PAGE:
USA: North Carolina federal judge rules for transgender state employees challenging health plan
A judge for the US District Court for the Middle District of North Carolina found Friday in favor of transgender state employees who were denied gender-affirming healthcare coverage. Judge Loretta Biggs ruled that the state health plan must offer “medically necessary services for the treatment of gender dysphoria.”
The plaintiffs, represented by Lamda Legal and the Transgender Legal Defense & Education Fund (TLDEF), filed their complaint in 2019 and alleged that the refusal of coverage for gender-affirming healthcare by state employer healthcare plans violated the Equal Protection Clause of the Constitution and Title VII of the Civil Rights Act of 1964, by unlawfully discriminating based on sex and transgender status.
Biggs agreed, concluding:
Issues surrounding transgender healthcare evoke strong emotional and political opinions. … But politics and emotion are not admissible as evidence in a court of law. Plaintiffs’ doctors, their experts, every major medical association, and Defendants’ own third-party administrators all agree that, in certain cases, gender affirming medical and surgical care can be medically necessary to treat gender dysphoria. Defendants attempt to create scientific controversy in this uniform agreement through experts who mix their scientific analysis with hypothetical speculation and political hyperbole. Only science that is relevant, reliable, and offered by a qualified expert is admissible, however, and the admissible portions of Defendants’ expert’s testimony, even when taken in the light most favorable to Defendants, do not justify the exclusion at issue. Defendants’ belief that gender affirming care is ineffective and unnecessary is simply not supported by the record. Consequently, their categorical sex- and transgender-based exclusion of gender affirming treatments from coverage unlawfully discriminates against Plaintiffs in violation of the U.S. Constitution and Title VII.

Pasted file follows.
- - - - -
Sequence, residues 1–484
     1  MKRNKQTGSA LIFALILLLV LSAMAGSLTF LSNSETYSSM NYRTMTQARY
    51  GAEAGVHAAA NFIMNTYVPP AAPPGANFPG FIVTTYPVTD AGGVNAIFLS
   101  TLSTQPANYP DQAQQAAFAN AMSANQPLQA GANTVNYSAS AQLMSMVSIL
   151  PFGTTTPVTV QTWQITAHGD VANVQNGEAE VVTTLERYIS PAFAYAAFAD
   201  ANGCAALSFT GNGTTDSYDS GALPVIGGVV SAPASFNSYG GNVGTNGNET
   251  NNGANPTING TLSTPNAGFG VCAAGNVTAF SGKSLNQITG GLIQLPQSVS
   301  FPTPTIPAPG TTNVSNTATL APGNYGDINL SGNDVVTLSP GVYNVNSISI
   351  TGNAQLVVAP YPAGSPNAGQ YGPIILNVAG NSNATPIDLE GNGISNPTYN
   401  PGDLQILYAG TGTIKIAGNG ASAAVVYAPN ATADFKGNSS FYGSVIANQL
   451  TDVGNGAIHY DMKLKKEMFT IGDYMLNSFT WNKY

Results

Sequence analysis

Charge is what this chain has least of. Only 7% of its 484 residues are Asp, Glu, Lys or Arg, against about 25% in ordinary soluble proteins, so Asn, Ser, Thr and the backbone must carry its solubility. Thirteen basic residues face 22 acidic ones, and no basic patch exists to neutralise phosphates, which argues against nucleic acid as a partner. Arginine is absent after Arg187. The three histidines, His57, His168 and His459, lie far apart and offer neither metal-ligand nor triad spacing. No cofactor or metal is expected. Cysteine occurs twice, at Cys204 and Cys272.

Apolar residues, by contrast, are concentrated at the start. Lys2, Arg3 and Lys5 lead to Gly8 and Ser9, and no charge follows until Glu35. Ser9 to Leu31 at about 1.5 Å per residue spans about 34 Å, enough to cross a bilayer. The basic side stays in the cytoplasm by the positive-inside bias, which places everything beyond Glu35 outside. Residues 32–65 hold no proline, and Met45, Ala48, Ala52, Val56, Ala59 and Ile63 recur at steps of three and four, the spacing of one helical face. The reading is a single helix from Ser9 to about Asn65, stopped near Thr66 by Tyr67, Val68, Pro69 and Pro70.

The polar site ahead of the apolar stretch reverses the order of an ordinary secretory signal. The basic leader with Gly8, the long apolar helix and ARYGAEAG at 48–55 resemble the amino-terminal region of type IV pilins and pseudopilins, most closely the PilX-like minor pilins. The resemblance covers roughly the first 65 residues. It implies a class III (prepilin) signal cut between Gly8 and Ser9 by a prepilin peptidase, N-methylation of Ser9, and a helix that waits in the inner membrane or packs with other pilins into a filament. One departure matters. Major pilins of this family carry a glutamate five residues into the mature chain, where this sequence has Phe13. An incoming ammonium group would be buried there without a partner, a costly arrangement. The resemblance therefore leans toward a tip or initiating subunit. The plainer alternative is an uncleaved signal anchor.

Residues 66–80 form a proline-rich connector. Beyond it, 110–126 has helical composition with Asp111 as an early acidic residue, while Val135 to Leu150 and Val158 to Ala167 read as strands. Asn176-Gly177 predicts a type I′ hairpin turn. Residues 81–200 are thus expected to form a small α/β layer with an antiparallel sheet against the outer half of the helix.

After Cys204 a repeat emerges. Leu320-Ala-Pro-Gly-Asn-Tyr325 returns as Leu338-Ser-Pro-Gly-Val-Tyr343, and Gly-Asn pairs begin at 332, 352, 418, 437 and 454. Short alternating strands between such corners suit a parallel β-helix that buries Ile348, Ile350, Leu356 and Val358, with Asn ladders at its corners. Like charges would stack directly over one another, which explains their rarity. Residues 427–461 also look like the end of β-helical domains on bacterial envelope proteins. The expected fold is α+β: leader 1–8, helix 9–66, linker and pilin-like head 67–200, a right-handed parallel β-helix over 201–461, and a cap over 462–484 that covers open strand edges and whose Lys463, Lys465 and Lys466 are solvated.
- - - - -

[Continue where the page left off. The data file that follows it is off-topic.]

Julia McKeown, an assistant professor in the College of Education at North Carolina State University, said following the ruling, “I am thrilled beyond measure for this powerful victory not only for myself but other transgender employees across the state.” She also noted, “As government employees, all we want is equal access to healthcare, but we were denied just because we are transgender.”
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